After age 65, the risk of Alzheimer’s doubles every five years

Alzheimer's Disease is especially prevalent as we age. (Alamo Hospice)

New report offers updated information on Alzheimer’s disease

Do you remember what day it is?

A new report from the U.S. Surgeon General and U.S. Public Health Service offers updated information on reducing the risk of Alzheimer’s disease. Over 5.5 million Americans have Alzheimer’s disease according to latest government projections. The disease continues to be among the top concerns of those in the aging public.

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Dementia is listed ahead of cancer or stroke as their most feared disease. In summary, the report notes individuals of all ages and their families should take actions to maintain and sustain their cognitive health, realizing that there is wide variability in cognitive health among individuals. Specifically, individuals should:

 

  •  Be physically active.
  •  Reduce and manage cardiovascular disease risk factors (including hypertension, diabetes, smoking).
  •  Regularly discuss and review health conditions and medications that might influence cognitive health with a health care professional.
  •  Take additional actions that may promote cognitive health, including:
  1.  Be socially and intellectually engaged, and engage in lifelong learning;
  2.  Get adequate sleep and receive treatment for sleep disorders if needed;
  3.  Take steps to avoid the risk of cognitive changes due to delirium if hospitalized; and
  4.  Carefully evaluate products advertised to consumers to improve cognitive health, such as medications, nutritionals, and cognitive training.

See 10 Signs of Alzheimer’d Disease here. 

 

Caregiver helps senior. (Alamo Hospice)

The report, entitled “Reducing the Risk of Alzheimer’s Disease and Maintaining Brain Health in an Aging Society” and co-written by Melinda Kelley, PhD, Brigette Ulin, MPH, and Lisa C. McGuire, PhD, indicates that in 2011, “the National Prevention Council, chaired by the US surgeon general, developed the National Prevention Strategy, which provides a framework upon which policies and projects concerning brain health could be built.”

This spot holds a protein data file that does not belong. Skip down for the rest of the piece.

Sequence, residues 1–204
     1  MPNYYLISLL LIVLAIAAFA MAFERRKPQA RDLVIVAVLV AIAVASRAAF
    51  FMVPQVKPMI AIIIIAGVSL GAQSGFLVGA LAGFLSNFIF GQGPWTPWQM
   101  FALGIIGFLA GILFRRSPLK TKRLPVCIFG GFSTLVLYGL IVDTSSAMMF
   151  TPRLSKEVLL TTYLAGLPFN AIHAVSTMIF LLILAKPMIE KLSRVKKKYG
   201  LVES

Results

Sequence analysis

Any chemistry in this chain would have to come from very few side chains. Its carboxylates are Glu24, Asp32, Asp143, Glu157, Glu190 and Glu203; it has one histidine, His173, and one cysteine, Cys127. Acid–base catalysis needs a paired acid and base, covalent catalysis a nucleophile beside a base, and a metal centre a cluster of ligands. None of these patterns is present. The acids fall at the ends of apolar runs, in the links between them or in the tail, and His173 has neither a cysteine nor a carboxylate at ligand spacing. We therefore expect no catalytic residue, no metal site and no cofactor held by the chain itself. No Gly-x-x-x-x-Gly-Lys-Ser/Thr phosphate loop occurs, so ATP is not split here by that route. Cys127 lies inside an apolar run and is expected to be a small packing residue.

Projects from this endeavor are “intended for a range of partners, including decision makers in federal, state, and local government; providers of services to the aging population; public health officials; and health care providers.”

 It specifies actions that can improve health and well-being later in life, including:

(1) prevention efforts to enable older adults to remain active, independent, and involved in their communities;

(2) innovative, evidence-based programs conducted by federal departments and agencies and local communities that address the challenges to physical, mental, emotional, and social well-being that are often encountered later in life; and

(3) future multisector efforts to promote and facilitate healthy aging at the community level.

 

Current known facts about aging in America:

  1. After age 65, the risk of Alzheimer’s doubles every five years.
  2. One in eight adults aged 60 and older (12.7%) report experiencing “confusion or memory loss that is happening more often or is getting worse” over the past 12 months.
  3. Among these individuals, only 19.3% reported discussing these changes with a healthcare provider, and 35.2% reported difficulties due to confusion or memory loss. Additionally, 34.5% live alone.
  4. As many as half of Americans with Alzheimer’s and other dementias have not been diagnosed.

 

What’s the difference between Alzheimer’s and typical age-related changes? 

Signs of Alzheimer’s/dementia Typical age-related changes
Poor judgment and decision-making Making a bad decision once in a while
Inability to manage a budget Missing a monthly payment
Losing track of the date or the season Forgetting which day it is and remembering it later
Difficulty having a conversation Sometimes forgetting which word to use
Misplacing things and being unable to retrace steps to find them Losing things from time to time

 

 

Alamo Hospice (NL)

 

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